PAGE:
R.I.P, David Thompson Of Murder By The Book
For avid fans of the murder mystery genre, you'd think death was commonplace. But not when it snatches away one of our own.
So we loyal patrons of Murder by the Book, Houston's go-to place for all things murder and mystery, are devastated to learn of David Thompson's sudden passing yesterday. David, a Murder by the Book fixture for 21 years, seemed to know the guts of every book, and had an infallible sense of connecting customers to their Holy Mystery Grail.
David met his wife, McKenna Jordan, while both were employees. Along the way, she bought the bookstore, and he founded a mystery publishing company, Busted Flush Press, which features both aspiring writers and established notables such as Reed Farrell Coleman.
Last month, David's publishing company merged with another independent Tyrus Books Inc. of Madison, Wisconsin.
But even though David certainly had a dog in the hunt when it came to books to tout, he was just as familiar with books he did not publish -- many of them gems I might not have ever uncovered.
David was like the best of coaches; he steered you in the direction of your dream novel, matching you up with the author sure to please you. Sure, you can find your Lescroarts and your Graftons and your Christies, but to learn about Ian Sansom or -- long before the major motion picture is released, Winter's Bone, by Daniel Woodrell?
I once confessed to enjoying former news reporter Kathy Hogan Trocheck, so he steered me to her second series under another nom de plume, Mary Kay Andrews. When I found her a bit too silly, he turned me on to the decadently delicious Kick Keswick, the heroine of a series by Marne Davis Kellogg.
People play, "Defend what's on your iPod," but with David at the helm, I could always defend the reading in my beach bag. And his finest referral occurred only a few weeks ago, when he urged me to try an unknown-to-me author from Belfast, Colin Bateman, stressing that I would find it hilarious. (Comedy's got to be mixed in with almost everything for me.) Did David know his stuff? Absolutement - I hustled back in to the bookstore to get the next one, minutes after finishing Bateman's Mystery Man, a series about a bookstore owner who gets suckered into solving local mysteries when the next-door neighbor, a private detective, meets an untimely end.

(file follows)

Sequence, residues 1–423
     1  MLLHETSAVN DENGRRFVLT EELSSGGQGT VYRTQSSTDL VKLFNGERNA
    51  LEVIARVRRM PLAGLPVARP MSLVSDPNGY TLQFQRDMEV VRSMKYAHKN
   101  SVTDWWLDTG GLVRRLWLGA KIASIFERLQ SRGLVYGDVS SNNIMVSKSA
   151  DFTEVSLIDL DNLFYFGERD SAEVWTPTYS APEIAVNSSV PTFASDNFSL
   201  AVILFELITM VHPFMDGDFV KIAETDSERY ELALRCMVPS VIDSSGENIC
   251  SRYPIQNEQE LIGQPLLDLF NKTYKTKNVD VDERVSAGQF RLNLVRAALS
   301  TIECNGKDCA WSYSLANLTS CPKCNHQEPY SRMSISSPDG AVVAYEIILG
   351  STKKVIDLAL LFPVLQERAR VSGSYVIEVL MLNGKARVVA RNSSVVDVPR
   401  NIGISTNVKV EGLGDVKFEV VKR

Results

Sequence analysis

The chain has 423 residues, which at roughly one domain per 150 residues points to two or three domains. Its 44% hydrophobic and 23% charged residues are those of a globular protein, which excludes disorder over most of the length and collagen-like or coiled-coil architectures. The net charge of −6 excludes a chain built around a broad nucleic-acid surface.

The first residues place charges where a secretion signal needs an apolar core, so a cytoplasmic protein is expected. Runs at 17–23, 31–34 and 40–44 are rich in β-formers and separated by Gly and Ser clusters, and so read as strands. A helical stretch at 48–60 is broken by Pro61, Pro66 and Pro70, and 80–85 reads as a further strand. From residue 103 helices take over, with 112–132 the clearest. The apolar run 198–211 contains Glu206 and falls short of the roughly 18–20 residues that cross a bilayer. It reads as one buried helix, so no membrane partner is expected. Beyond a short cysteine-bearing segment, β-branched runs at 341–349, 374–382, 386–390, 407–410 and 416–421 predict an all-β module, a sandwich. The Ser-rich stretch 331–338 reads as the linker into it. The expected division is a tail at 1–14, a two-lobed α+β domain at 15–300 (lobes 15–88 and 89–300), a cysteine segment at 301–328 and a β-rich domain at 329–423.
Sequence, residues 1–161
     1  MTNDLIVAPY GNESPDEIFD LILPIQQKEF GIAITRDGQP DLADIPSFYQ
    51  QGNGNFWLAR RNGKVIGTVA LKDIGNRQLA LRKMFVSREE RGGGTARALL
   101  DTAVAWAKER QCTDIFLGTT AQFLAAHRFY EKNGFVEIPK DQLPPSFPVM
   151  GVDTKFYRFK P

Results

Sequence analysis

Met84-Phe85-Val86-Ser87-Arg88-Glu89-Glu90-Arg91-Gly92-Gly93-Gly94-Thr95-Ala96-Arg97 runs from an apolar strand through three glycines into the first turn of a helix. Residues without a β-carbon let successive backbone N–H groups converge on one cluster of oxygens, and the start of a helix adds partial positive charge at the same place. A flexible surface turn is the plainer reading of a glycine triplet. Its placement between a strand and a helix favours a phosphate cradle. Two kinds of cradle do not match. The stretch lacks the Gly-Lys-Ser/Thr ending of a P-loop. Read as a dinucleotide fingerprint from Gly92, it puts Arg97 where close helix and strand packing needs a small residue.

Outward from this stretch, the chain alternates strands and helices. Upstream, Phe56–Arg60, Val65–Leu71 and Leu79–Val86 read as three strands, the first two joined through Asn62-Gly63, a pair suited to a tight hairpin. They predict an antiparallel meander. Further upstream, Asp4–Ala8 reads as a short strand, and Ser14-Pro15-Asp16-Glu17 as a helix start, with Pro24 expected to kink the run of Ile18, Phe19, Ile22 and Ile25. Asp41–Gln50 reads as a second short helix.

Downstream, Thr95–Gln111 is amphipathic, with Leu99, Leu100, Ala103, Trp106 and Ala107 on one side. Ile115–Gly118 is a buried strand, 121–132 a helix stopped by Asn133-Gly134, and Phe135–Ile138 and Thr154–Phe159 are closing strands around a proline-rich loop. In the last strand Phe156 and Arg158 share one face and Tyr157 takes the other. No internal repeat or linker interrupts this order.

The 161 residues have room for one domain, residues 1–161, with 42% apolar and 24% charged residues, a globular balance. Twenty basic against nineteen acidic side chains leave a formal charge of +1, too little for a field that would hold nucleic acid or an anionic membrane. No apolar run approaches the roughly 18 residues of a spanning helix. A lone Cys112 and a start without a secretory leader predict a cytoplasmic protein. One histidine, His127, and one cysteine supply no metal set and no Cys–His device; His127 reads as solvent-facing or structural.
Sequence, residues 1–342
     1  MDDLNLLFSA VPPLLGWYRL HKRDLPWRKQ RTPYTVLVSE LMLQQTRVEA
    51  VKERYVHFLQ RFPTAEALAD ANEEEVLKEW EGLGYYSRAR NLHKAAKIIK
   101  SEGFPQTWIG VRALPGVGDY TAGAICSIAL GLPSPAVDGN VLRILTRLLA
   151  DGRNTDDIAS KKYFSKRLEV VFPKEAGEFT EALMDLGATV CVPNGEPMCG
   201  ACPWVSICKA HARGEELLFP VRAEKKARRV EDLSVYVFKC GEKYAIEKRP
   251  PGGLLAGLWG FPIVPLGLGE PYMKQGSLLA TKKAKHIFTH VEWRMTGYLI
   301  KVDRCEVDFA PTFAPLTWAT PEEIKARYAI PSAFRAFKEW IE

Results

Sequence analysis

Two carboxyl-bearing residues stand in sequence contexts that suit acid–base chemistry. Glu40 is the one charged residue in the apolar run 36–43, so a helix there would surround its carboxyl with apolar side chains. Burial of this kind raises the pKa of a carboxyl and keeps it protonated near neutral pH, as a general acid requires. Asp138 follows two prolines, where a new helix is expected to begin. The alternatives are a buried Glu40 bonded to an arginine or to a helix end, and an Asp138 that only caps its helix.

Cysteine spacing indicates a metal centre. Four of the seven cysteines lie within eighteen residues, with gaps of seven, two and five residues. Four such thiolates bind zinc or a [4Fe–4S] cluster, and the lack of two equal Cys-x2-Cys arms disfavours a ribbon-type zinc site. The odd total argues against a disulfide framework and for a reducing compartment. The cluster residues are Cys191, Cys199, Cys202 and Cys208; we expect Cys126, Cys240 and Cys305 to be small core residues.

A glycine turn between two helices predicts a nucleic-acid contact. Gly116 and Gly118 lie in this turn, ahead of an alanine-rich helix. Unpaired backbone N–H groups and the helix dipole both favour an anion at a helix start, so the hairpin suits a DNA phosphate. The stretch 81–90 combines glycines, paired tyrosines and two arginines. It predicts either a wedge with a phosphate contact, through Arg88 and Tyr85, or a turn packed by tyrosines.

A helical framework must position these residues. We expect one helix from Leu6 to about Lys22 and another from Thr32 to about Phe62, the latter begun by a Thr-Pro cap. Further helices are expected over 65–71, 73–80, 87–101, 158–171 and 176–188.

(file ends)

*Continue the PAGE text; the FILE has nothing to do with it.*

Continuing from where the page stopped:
The next book in the series was a definite winner, as well. As I read the series set in Belfast, I found myself drawing parallels to David himself, although the series' hero never met anyone or anything he couldn't turn into an antagonist. He attributes his successes to what he's learned from a multitude of mysteries -- and names the classics for those who grew up on, say, Michael Crichton.
Bateman, the author, is like his main character a proponent for good mystery writing and the independent bookstore owner, and rails against the megachains in a most sarcastically delicious way. No McMystery advocacy here! With every rant, I found myself silently tipping my deerstalker (i.e., a hat like Sherlock Holmes wore) to David and his wife.
A bookstore employee said a "celebration of life" memorial is planned within the next week or two.
Thank you for your years of thoughtful service, David. You leave a void in the industry, and in the community. Rest easy, my friend, and may you finally unravel all the mysteries of life -- and beyond.